In addition to two works by Benjamin Britten, our collaborative concert with the Calgary Philharmonic Chorus will feature two works by British composer Jonathan Dove.
About Jonathan Dove
Jonathan Dove’s music has filled opera houses with delighted audiences of all ages on five continents. In addition, his innate understanding of the individual voice is exemplified in his large and varied choral and song output.
Dove’s early musical experience came from playing the piano, organ and viola. Later he studied composition with Robin Holloway at Cambridge and, after graduation, worked as a freelance accompanist, repetiteur, animateur and arranger. His early professional experience gave him a deep understanding of singers and the complex mechanics of the opera house. Opera and the voice have been the central priorities in Dove’s output throughout his subsequent career. He was Artistic Director of the Spitalfields Festival from 2001 to 2006.
Luminous Voices is no stranger to the works of Jonathan Dove. Audiences to our New Year's Eve concerts may remember our performance of The Passing of the Year to ring in 2016. We also programmed Seek Him That Maketh the Seven Stars to ring in 2017, and we are excited to perform it again, this time joined by the Calgary Philharmonic Chorus. We will also sing Bless the Lord, O My Soul with the Chorus. Both works feature organ accompaniment by Neil Cockburn.
Seek Him That Maketh the Seven Stars
The theme of light, and star-light in particular, is an endless source of inspiration for composers. I came across these words about light and stars while looking for a text to set as an anthem for the Royal Academy of Arts’ annual Service for Artists: I thought these images would have a special meaning for visual artists. The anthem begins with a musical image of the night sky, a repeated organ motif of twinkling stars that sets the choir wondering who made them. The refrain ‘Seek him’ starts in devotional longing but is eventually released into a joyful dance, finally coming to rest in serenity.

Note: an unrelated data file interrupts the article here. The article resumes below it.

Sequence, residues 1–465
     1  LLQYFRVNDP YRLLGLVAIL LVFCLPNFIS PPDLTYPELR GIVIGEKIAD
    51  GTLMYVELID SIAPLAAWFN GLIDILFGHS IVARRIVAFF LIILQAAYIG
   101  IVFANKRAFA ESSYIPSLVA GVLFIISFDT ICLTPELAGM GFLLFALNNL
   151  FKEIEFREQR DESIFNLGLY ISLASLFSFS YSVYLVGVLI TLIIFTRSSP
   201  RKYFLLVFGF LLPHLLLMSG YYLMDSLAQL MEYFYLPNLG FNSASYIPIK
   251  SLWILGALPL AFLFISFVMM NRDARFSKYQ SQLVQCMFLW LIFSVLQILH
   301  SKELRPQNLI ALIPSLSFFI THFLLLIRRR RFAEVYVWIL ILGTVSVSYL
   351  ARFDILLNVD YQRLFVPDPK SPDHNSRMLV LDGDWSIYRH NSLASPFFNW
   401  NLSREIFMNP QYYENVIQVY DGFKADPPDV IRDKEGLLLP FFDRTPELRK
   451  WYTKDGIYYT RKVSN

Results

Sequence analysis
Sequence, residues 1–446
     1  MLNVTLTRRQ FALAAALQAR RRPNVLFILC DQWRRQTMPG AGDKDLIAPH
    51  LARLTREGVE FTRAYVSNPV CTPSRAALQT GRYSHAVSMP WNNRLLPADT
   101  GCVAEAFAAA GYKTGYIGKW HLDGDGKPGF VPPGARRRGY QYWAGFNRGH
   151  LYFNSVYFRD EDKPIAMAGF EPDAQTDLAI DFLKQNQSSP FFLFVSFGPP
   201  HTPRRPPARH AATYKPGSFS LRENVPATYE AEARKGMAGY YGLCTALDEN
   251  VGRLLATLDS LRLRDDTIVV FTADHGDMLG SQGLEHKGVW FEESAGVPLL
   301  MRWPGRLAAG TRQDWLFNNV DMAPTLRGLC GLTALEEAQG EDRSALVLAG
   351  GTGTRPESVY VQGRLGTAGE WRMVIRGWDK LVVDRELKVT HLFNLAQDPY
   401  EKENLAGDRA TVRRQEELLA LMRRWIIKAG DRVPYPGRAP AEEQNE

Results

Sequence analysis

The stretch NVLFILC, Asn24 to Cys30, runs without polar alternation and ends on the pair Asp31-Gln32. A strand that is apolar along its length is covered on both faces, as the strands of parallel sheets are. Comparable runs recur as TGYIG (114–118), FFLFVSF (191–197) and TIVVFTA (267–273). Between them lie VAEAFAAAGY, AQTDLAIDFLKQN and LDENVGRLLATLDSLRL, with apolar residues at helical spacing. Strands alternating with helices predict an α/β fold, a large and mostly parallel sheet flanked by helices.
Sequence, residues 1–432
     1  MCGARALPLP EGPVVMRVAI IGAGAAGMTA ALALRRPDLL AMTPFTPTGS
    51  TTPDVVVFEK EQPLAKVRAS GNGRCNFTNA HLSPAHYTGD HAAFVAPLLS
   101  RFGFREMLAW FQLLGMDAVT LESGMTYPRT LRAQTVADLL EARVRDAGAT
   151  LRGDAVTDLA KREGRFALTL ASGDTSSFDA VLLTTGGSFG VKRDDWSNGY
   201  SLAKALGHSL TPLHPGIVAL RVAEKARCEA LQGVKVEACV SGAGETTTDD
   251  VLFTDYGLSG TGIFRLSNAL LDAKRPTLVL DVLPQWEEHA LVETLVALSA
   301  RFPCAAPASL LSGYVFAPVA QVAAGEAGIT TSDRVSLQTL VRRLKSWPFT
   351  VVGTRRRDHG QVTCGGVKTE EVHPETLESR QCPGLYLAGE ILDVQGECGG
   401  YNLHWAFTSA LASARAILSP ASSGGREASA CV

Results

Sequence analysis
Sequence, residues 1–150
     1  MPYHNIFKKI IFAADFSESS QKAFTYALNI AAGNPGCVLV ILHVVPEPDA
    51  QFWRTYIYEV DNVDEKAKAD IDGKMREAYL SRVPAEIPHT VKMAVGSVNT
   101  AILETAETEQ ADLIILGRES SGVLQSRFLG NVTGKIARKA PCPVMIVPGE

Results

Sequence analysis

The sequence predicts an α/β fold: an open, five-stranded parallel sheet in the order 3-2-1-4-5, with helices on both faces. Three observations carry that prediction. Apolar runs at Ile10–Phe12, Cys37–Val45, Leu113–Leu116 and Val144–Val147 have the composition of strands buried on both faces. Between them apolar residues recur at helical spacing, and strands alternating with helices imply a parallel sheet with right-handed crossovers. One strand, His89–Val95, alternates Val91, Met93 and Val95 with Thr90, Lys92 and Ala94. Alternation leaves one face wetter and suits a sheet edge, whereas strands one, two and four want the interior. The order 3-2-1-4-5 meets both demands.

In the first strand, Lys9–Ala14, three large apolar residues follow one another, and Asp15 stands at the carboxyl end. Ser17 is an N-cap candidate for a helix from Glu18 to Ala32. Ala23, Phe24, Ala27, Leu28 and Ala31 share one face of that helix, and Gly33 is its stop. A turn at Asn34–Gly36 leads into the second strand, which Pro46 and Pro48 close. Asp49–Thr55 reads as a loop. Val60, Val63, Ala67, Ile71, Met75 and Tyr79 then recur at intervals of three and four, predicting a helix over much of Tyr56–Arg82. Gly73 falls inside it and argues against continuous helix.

Bless the Lord, O My Soul
Bless the Lord, O My Soul was commissioned by a group of people whose early lives were dedicated to choral singing. I wanted their Millennium Anthem to be a celebration of song, and Psalm 104 provided a wonderful sequence of expansive imagery. The organ part is quite virtuosic, beginning with a flourishing fanfare suggesting a heavenly vision, which provokes the choir into a wordless cry of wonder; in contrast, their first words are hushed, awe-struck. The organ creates a backdrop of twinkling stars for ‘who coverest thyself with light’ and a calm sea for ‘who layest the beams of his chambers in the waters’. The hushed ‘bless the lord’ returns, but now fast and loud, ushering in the most dramatic imagery: the chariot of clouds, the wings of the wind, and finally the depiction of God’s ministers as a ‘flaming fire’.